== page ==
Nathan Hunsinger

With its bookstore located in Deep Ellum, Deep Vellum's publishing arm has quickly become a powerhouse in the Dallas literary scene. Launched as a nonprofit in 2013, the operation is headed by founder Will Evans, who later opened the little bookstore in 2016. Each year, Deep Vellum publishes several original titles and new translations of foreign literary works from around the world. In recent years, they've also put a focus on publishing Dallas-based authors and supporting the local literary community. If you get a chance to pop into their bookstore, you'll find their own titles and plenty more, and you can enjoy some of the best coffee in town.

We know, performance art isn't for everyone. But if your cup of tea spilleth over for the bizarre and avant-garde, then keep up with Odyssey Studios. The small warehouse space holds nothing in it but performers and spectators can watch inside or outdoors. One recent show featured Gibson Regester on a series called Amygdala Hijack consisting of three different nights highlighting abuse within queer relationships. In the first, the artist put on pink boxing gloves and beat themselves up with pink paint. For the last show, they ate a bar of soap. In June, the brilliant Colton White's performance showed the artist trapped in a translucent box, summing up the helpless sequestering experience of quarantine.

There's nothing that gets us in the Christmas spirit like spending a couple of hours with the inhabitants of Tuna, the "third-smallest town" in Texas. The satirical 1989 play A Tuna Christmas features two actors playing over 20 colorful characters, from Tasty-Creme waitresses and radio disc jockeys to UFOlogists. Theoretically the story is about a Christmas yard display contest and the hijinks that ensue, but there are too many subplots to count. Really, the fun is in the dialogue and the gymnastics the actors perform as they switch in and out of characters. (All of whom are both completely absurd and instantly recognizable if you've spent any time in rural Texas.) When it debuted, A Tuna Christmas was so instantly beloved that it made its way to the White House, where the writers and original cast performed it for President George H. W. Bush and Barbara Bush. And because it's easy to produce, it's been a staple of community theaters in the South ever since.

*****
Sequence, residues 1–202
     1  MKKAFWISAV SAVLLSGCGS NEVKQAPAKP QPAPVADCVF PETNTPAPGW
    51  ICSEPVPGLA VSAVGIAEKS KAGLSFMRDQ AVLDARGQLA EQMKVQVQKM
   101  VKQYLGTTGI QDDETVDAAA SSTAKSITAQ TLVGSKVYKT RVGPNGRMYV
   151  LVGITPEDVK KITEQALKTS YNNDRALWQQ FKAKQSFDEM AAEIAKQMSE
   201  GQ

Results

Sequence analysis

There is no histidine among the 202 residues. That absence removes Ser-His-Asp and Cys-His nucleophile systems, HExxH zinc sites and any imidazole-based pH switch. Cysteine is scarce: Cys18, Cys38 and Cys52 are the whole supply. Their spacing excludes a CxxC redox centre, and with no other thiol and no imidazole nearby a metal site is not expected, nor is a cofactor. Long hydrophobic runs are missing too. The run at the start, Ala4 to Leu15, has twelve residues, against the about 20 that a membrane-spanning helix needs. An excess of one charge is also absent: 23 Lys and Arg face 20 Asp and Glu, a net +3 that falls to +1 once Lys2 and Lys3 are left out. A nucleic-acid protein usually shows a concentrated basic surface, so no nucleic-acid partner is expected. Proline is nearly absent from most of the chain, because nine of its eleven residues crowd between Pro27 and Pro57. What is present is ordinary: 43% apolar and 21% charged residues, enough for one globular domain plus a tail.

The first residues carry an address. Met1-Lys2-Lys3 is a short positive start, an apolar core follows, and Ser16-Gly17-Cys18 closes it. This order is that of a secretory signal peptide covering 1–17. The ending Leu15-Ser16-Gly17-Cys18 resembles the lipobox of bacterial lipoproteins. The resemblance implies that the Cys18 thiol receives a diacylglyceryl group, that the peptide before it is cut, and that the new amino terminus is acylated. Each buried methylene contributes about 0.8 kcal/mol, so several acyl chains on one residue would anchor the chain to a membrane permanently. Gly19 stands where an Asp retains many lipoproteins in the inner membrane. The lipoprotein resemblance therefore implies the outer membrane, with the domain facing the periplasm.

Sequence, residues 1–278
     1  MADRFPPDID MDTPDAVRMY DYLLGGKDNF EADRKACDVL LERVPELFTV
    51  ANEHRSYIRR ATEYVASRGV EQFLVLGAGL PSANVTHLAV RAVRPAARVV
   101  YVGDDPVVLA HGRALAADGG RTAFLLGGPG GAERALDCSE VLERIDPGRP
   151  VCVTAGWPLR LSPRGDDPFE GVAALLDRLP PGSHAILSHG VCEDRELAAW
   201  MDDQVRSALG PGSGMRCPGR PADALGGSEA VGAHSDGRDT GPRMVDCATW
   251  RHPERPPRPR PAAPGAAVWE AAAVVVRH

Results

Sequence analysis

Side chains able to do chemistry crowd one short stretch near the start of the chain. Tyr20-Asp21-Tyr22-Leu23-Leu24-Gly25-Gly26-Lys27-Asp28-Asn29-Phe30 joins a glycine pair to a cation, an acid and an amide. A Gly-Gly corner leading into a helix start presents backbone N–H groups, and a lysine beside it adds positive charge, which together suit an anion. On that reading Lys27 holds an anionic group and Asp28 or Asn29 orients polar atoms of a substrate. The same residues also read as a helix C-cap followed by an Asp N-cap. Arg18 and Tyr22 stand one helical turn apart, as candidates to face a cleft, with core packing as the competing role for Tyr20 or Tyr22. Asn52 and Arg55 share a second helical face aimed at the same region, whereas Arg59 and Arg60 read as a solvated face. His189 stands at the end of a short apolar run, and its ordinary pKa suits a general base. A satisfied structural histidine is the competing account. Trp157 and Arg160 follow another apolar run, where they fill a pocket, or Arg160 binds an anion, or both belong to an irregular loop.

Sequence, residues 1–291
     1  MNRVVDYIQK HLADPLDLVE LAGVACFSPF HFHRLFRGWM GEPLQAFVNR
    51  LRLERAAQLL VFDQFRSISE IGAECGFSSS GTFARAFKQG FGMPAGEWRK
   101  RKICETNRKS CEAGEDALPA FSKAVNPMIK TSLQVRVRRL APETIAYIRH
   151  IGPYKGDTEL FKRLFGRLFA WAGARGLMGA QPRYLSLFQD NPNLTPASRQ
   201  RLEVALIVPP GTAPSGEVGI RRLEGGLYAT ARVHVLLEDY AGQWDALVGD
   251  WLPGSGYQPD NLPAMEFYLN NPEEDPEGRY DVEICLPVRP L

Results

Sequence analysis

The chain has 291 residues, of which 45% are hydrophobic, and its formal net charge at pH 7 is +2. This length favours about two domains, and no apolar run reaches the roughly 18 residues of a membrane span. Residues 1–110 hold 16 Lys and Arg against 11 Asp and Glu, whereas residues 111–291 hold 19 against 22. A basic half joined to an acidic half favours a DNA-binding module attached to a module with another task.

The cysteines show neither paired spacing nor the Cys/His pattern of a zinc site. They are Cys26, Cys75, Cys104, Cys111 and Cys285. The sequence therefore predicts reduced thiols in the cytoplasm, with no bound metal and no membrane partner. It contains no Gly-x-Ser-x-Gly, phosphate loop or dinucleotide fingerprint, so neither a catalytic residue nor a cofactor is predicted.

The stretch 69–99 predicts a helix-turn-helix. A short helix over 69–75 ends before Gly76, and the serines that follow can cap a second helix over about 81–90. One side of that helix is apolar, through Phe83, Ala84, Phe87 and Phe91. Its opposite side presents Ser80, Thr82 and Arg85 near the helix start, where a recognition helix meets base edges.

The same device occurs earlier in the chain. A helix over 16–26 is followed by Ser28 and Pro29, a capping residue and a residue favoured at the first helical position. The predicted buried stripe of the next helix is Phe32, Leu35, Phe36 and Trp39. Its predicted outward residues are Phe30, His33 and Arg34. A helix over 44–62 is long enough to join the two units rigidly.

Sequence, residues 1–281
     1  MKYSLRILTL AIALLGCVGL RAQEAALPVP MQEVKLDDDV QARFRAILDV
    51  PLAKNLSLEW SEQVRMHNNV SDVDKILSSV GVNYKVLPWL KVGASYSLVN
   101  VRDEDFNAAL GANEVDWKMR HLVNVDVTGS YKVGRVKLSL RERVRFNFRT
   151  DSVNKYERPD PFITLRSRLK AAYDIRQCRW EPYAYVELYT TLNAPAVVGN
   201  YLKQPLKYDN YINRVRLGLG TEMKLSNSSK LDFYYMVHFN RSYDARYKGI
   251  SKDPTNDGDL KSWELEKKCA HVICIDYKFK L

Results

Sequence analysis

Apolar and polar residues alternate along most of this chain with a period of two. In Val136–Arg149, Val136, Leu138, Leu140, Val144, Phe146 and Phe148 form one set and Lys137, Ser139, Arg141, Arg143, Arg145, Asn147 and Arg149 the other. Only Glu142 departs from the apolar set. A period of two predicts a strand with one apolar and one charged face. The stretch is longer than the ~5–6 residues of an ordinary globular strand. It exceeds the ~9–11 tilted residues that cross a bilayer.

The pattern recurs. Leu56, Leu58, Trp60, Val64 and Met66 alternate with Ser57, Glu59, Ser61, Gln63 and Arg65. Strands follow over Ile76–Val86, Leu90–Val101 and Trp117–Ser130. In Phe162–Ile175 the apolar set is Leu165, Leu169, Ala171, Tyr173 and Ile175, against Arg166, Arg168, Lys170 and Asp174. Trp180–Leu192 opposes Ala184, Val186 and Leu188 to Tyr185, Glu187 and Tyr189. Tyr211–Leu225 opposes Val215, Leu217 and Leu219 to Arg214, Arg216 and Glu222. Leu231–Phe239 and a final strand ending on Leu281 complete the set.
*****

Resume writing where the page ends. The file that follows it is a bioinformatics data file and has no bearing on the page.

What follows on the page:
When you think of cat cafés, you might assume something along the line of Fleabag's guinea pig themed café, not an eatery actually populated by cats. But that's what you get at The Casual Cat. Crazy cat ladies and gents with a love of felines greater than the Tiger King's can make the drive to Richland Hills to cuddle with cats for just $11 an hour for a refreshment garnished with a bit of fur ball. All the cats are up for adoption. The cat lover haven also sells cat merchandise and offers activities such as yoga with cats, crafts with cats and painting with cats.

Mistermckinney, CC BY-SA 4.0, via Wikimedia Commons

When nobody was looking, McKinney became cool. Not to be mixed up (by Dallasites who rarely venture beyond city limits) with McKinney Avenue, the northern suburb has always had its charm: an old prison that once housed Jesse James' brother and a Charles Manson follower, antique shops, boutiques and mom-and-pop restaurants. But now it's actually cool. McKinney has a female-owned record store with Red Zeppelin, a comic book store and a spot called Mom and Popcorn. The city's square is now also surrounded by far more bars than we remember and has specialized shops selling guitars, pies or tobacco — all under strings of lights that sparkle in the night time.